For something more immersive, stay at Travaasa Hana on Maui (rooms from $350), Hawaii’s only all-inclusive resort, and center the whole honeymoon on fitness (seaside circuit training and openair yoga) and wellness (daily meditation and lomilomi massages).
A recent survey by YouGov Global shows 43 percent of recently married couples plans to take a mini-moon — a shorter, less-expensive honeymoon — right after the wedding, with plans to take a longer one later. A mini-moon suited Sean and Natalie Hennessy, who married in Nipomo, California, in July 2014. Post-wedding, they took a weekend trip to Monterey, California, for picnics, surfing and scenic drives. “We paid for our wedding, so we couldn’t afford to go on a large honeymoon,” says Natalie. “But we plan to go to Hawaii next year.”
For those who live in the northern United States, consider hopping up to Mont Tremblant, Quebec, for a ski weekend. Or lounge on the beach in Bermuda, a two-hour direct flight from New York City on six major airlines.
Ecotourism is big — really big — growing between 10 and 30 percent annually and accounting for more than 20 percent of all international travel, according to a study by the World Tourism Organization. Jeff Cremer, marketing director for Rainforest Expeditions (think Amazon accommodations where tapirs and macaws roam), cites a 15 percent growth in his company during the past year.
Christy Ruth and Christian Marks chose ecocentric Costa Rica for their honeymoon. Their home base: Arenal Nayara Hotel & Gardens, in the foothills of Arenal Volcano (it received a Certification for Sustainable Tourism from the Costa Rica Tourism Board). “We rappelled down a waterfall, hiked to the volcano and snorkeled at Tortuga Island,” says Christy. “We’re both adventurous people who wanted to experience natural beauty as much as possible.”
After all the Skypeing, emailing and Pinterest scouring involved in a wedding, it’s no wonder couples want to slip off the grid. “There’s been an increase in getaways far from the crowds,” says Deb Miller, owner of Edge of Wonder Travels, a travel agency specializing in custom honeymoons. “This has been especially true of city dwellers whose honeymoon is a chance to take a break from the hustle and bustle.”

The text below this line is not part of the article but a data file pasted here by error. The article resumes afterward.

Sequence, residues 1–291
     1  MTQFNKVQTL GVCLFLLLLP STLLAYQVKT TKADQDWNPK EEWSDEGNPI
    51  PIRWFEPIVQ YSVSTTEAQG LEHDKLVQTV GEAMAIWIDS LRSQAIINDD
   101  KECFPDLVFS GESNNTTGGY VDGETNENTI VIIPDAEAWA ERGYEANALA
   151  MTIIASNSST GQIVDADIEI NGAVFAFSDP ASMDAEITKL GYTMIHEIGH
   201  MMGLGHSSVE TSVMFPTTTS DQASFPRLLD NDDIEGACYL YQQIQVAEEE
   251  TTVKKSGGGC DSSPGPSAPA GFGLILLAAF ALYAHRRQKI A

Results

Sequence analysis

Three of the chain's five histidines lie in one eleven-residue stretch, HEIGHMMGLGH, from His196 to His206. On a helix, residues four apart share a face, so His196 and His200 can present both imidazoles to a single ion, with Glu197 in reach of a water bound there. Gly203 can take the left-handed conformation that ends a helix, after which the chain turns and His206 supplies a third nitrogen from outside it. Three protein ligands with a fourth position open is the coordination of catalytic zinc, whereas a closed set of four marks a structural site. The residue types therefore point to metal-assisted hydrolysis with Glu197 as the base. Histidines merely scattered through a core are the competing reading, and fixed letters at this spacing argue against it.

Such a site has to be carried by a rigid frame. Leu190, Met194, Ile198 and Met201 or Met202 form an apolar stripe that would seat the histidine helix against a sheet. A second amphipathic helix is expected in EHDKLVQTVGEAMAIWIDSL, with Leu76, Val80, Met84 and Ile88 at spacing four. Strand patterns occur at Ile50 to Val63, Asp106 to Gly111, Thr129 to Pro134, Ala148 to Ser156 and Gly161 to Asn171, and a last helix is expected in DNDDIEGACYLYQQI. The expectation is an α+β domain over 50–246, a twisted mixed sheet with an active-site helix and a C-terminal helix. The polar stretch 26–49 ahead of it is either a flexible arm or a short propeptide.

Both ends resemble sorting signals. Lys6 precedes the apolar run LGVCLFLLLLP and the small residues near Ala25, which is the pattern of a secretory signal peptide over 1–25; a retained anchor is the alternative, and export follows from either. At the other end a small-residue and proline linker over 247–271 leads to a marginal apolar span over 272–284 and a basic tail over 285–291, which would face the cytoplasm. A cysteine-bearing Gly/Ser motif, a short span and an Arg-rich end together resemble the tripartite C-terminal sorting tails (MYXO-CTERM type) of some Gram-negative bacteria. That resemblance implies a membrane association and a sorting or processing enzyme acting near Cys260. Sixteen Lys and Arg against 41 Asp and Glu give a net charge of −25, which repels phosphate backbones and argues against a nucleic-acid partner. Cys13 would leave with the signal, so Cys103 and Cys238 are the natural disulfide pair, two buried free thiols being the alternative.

Kristie Reba and Christopher Wallace knew they wanted to really escape on their honeymoon. For them, Petit St. Vincent — a private-island Caribbean resort sans TVs, phones or Internet in its 22 luxury stone villas — offered exactly that. “It was secluded and tropical,” says Kristie. “Disconnecting allowed us to slow down, enjoy our surroundings and connect with each other.”
CruiseCompete, a website that helps users find the best values for their cruise, sends out an average of 25,000 quotes per month. Why the interest? Value and ease make cruises a no-brainer for the couple looking for a one-stop shop, says Tara Festa, a cruise specialist at Travelworld vacation consultants. Where else can you relax by a pool, get a massage, dine at award-winning eateries and visit multiple countries without packing and repacking?
Raychelle and Chris Bartlett cruised for five days and liked that they were going somewhere exotic without the stress of coordinating the accommodations or having an agenda. “We did a few excursions, like exploring ancient Maya ruins and swimming with dolphins,” says Raychelle. “But otherwise we didn’t plan a thing.”